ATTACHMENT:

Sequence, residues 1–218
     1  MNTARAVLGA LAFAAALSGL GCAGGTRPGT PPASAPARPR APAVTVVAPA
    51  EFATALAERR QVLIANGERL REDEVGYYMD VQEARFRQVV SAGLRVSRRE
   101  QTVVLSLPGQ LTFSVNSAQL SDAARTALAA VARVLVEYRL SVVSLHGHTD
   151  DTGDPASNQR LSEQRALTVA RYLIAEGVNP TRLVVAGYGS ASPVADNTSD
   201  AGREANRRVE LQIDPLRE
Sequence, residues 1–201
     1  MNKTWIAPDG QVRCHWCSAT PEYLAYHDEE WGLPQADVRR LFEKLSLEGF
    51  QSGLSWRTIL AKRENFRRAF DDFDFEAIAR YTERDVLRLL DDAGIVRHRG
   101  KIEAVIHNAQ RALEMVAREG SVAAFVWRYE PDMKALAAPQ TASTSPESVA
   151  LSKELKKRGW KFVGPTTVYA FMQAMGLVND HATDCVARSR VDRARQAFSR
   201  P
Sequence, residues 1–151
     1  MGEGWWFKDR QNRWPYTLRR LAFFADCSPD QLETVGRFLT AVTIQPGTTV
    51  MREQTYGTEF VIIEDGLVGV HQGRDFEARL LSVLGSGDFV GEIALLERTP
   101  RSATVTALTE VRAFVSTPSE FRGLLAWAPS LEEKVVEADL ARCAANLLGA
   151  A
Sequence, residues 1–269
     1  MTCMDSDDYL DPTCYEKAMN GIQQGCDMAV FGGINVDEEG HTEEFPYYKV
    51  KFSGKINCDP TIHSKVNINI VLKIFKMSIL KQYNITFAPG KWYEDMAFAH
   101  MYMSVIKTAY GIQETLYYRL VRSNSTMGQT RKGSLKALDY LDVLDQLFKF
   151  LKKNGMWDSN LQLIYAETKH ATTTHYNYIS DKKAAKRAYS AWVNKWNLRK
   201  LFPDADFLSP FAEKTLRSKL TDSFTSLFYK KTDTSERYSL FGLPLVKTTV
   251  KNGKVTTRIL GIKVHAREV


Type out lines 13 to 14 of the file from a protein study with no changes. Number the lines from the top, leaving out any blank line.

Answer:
Sequence, residues 1–151
     1  MGEGWWFKDR QNRWPYTLRR LAFFADCSPD QLETVGRFLT AVTIQPGTTV